In my work I encounter sometime tens of women daily, each of them going through pregnancy so ordinary, yet so extraordinary for each of them. I try to stay present and encounter each woman afresh; giving her my full attention and care in the time that I have with her. I delight in that moment of connection, which may be just a shared smile, or may become a wonderful conversation.

Just last evening a woman told me about the birth of her last baby in the bathroom of a department store. She felt no pain, just simply noticed a foot emerging as she peed. Yes, breech! Wow! I said expecting a tale of trauma. Instead she laughed and told me, “I was the only one who was fine, everyone else panicked. Another woman raised the alarm. We had the security guards, cleaners and shop assistants all there. The head cleaner delivered the baby just as the ambulance arrived.” That funny, relaxed woman brightened my day.

That same evening there were tears as another woman nearing the end of her pregnancy revealed her sadness around the ambivalence of her baby’s father. He had let her down once again after she had given him another chance in the hope that her baby would know his father. Her own mother sat beside her, distressed to see her daughter in tears, imploring her in their mother tongue to not cry. “It’s ok to cry mum, sometimes I feel sad,” this brave woman said. Through her tears she explained, “My mother loves us too much.”

WHAT IS THE MOST PROVOCATIVE IDEA YOU’VE COME ACROSS IN THE PAST DECADE?

Quantum physics though I can’t even begin to understand it, is pretty mind blowing. The idea that our gut microbes affect our overall mental and physical health is incredible to me also.

Provocative? That there are people in this world who will kill for a belief, that there are people who rationalize and glorify immense greed and arrogance,… It’s disappointing beyond words. I guess if I’d studied more history this should have been no surprise to me, however I think 9/11 took away some of our innocence, it did for me anyway. I do believe though, that there is way more good than evil in this world.

CAN YOU TELL ME ABOUT A TRANSFORMATIONAL MOMENT IN YOUR LIFE?

I guess I’m still looking for a transformational moment, a blinding light; that would be kind of wonderful. Maybe I’m not the kind of person who has an epiphany, I tend towards pragmatism and skepticism where high emotion is involved. Perhaps transformation has been more glacial in my life and hence only recognizable with hindsight. Making big decisions such as having  a child, buying a house and even ending a marriage have always led me to a better place often from a low point in my life.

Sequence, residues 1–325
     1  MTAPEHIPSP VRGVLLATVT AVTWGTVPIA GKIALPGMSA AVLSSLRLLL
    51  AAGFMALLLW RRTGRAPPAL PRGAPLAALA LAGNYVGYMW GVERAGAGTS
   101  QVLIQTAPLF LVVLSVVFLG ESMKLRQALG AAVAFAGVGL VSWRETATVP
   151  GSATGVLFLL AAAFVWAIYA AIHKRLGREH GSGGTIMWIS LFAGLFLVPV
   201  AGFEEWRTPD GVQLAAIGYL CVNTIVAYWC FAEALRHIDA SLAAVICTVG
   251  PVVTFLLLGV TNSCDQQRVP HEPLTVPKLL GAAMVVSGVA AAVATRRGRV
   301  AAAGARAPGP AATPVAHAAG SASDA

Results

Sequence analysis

WHAT DOES IT MEAN TO YOU TO LIVE A GOOD LIFE?

Tread lightly. Take what you need and leave enough to go around. Be thankful for your good luck and don’t take it for granted. Practice compassion, gratitude and kindness.

COULD YOU SHARE ONE PIECE OF ADVICE ABOUT THRIVING AS A HUMAN BEING?

In each moment remember to breathe. Keep making courageous and responsible decisions. Make your life meaningful. Remain curious and open to life. Enjoy and love. Don’t waste time. Do it now.

 WHAT IS YOUR DRIVING QUESTION?

How do I bring my efforts into alignment with my passion ? Where best to direct my energy?

ANY BOOKS OR MOVIE YOU RECOMMEND?

So many. I’m still excited by the magic of the big screen and in awe of the many talented filmmakers. I like feature length documentaries and international dramas. Documentaries I’ve loved include: Bill Cunningham New York; Babies; It Might Get Loud; 20 Feet from StardomSearching for Sugar ManThe Green Prince. Dramas, too many to mention. Off the top of my head, Lost in Translation; My Life as a DogRumble Fish; AmelieThe Spanish Apartment; Talk to HerCrouching Tiger, Hidden DragonBabette’s Feast… Each has left my world and my heart a little larger.

Some great fiction by Australian writers that I could recommend include Oscar and Lucinda by Peter Carey; Eucalyptus by Murray Bail; The Book Thief by Markus Zusak; Year of Wonders by Geraldine Brooks; and Remembering Babylon by David Malouf.

. . . *

THANK YOU, JENNY!

“Gratitude is the antidote to fear” – Our Interview With Mario Marchese, Magician …*

"Gratitude is the antidote to fear." - Our Interview With Mario Marchese, Magician ...* | rethinked.org - Photo Credit: David Schloss

Mario the Magician – photo credit: David Schloss

I first discovered Mario and his delightful take on magic by serendipitously watching a short video (now turned into a full length documentary) on his approach to magic. What really struck me about Mario, a self-described, “wandering traveler turned maker/magician,” is the level of artistry and invention that goes into each of his magic tricks. Mario is a true craftsman of magic, deriving pride and joy in creating his own clever and delightful contraptions. If you’re in or around NYC, you can book Mario to come enchant and awe your children with his uplifting, inventive, and highly interactive program for ages 4 to 10. And now, for everyone, here is Mario’s interview –the perfect way to infuse a hefty dose of wonder, gratitude and whimsy into your Friday and kick off the weekend on a magical note. Connect with Mario @MarioMagician.

WHAT WAS THE LAST EXPERIMENT YOU RAN?